| News Story
For every $1 worth of goods that the U.S. manufacturers and ships to China, the U.S. buys $6 worth of Chinese goods. U.S. imports from China currently grow at nearly 30 percent a year. At this rate, Americans will have to triple their exports to China just to keep the trade gap from widening further.
So many of America’s brand names are actually manufactured in China that we cannot easily answer the question of what a “Made in U.S.A.” label really has to offer? From clothing to cars, Chinese consumers need look no further than their own domestic factories to find the goods they want or need at affordable prices.
Unless the U.S. can somehow reverse this trend, the future trade deficit with China will certainly widen even further. “The only U.S.-produced items that I can think of that exist in large quantities in China are dollar bills,” said Matthew Crabbe, Managing Director of Access Asia Ltd., a market research firm.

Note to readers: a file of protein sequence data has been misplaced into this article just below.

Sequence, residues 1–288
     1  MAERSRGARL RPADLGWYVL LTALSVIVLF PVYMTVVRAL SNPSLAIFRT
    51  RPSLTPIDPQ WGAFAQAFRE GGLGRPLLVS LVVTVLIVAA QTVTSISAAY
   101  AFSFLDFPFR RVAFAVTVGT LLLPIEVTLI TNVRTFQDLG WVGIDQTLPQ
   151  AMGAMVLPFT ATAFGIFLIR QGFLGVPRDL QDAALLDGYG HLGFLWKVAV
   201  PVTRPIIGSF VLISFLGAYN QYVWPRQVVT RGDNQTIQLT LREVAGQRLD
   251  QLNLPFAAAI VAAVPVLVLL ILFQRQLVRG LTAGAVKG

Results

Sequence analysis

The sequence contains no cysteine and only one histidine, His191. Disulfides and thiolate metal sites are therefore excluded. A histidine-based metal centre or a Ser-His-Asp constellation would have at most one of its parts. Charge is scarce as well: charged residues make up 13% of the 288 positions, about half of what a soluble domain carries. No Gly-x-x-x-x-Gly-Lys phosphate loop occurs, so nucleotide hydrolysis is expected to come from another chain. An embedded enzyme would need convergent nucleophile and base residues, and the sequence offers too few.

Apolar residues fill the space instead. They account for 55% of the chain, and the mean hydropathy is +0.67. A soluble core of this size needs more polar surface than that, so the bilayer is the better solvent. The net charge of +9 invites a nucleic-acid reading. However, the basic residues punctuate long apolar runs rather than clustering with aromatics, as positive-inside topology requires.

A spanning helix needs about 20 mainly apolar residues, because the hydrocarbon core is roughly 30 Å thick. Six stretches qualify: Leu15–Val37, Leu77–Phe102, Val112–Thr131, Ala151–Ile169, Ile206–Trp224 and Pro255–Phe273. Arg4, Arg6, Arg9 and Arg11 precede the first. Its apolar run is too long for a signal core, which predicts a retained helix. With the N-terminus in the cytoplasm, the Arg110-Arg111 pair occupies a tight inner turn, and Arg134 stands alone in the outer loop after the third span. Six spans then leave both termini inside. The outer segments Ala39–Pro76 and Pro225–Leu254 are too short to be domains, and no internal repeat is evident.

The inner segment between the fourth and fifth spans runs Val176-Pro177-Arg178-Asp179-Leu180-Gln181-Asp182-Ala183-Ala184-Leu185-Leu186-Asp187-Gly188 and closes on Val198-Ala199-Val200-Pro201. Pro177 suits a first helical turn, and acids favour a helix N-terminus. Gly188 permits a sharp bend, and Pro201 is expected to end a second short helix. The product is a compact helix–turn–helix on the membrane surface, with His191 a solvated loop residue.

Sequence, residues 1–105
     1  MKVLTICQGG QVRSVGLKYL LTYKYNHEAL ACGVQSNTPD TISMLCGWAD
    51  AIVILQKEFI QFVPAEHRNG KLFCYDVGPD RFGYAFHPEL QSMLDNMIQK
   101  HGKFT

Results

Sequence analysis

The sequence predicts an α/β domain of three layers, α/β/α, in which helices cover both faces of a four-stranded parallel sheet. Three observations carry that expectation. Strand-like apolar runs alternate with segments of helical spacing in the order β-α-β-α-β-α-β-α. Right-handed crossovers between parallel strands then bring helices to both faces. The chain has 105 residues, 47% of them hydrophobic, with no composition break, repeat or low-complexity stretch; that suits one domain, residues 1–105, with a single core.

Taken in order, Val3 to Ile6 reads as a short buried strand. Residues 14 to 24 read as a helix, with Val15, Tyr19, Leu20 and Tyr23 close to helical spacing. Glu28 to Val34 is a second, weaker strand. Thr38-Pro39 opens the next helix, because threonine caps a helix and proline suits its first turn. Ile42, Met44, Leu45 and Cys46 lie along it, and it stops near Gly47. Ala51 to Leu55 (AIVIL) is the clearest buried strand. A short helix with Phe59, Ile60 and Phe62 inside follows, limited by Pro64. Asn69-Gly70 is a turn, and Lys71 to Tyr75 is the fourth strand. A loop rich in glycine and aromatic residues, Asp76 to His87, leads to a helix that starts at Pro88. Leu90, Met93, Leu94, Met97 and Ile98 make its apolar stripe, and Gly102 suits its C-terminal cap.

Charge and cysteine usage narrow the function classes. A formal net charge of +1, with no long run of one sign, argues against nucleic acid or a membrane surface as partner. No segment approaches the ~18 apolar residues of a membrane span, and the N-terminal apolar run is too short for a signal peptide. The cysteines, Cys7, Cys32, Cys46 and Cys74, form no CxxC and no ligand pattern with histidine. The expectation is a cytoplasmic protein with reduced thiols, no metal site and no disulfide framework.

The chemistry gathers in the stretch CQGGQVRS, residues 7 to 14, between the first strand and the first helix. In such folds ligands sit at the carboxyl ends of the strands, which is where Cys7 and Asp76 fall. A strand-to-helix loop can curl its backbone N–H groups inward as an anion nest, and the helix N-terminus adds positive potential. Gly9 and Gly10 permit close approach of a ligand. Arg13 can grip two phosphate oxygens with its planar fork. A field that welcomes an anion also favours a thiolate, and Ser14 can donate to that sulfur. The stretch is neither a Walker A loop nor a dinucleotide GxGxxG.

Chinese officials attempt to deflect criticism of their role in the growing deficit by pointing out America’s willingness to borrow from the rest of the world. Borrowing allows the U.S. to consume at a higher level than would be possible based on their own economic production. “Even if the United States stopped importing from China, it would have to buy from somewhere else,” said Liao Xiaoqi, China’s Vice Minister of Commerce.
Changing trade patterns in Asia also contribute to the trade deficit. Companies from Japan, South Korea, Taiwan and other Asian countries increasingly manufacture only the most technologically sophisticated components of their products in the domestic market. Asian firms then ship these components to China, where the less complicated parts are purchased and the entire product is assembled. These Asian countries—part of the so-called Asian Tigers of the 1990s—operate thus on what economists refer to as comparative advantage. They tap individual countries for the parts those areas can produce most efficiently and then ship the finished product to Europe and the United States.
America’s export account with China will not likely improve in the near future—partly because of U.S. firms’ own marketing campaigns. “American brands are not actively attacking the Chinese market—lazy, maybe,” said garment industry magnate Andrew Leung, who also chairs the Hong Kong Textile Council. “You see all the Italian brands doing quite well.” If these trends continue, the trade deficit will almost assuredly continue its rapid growth.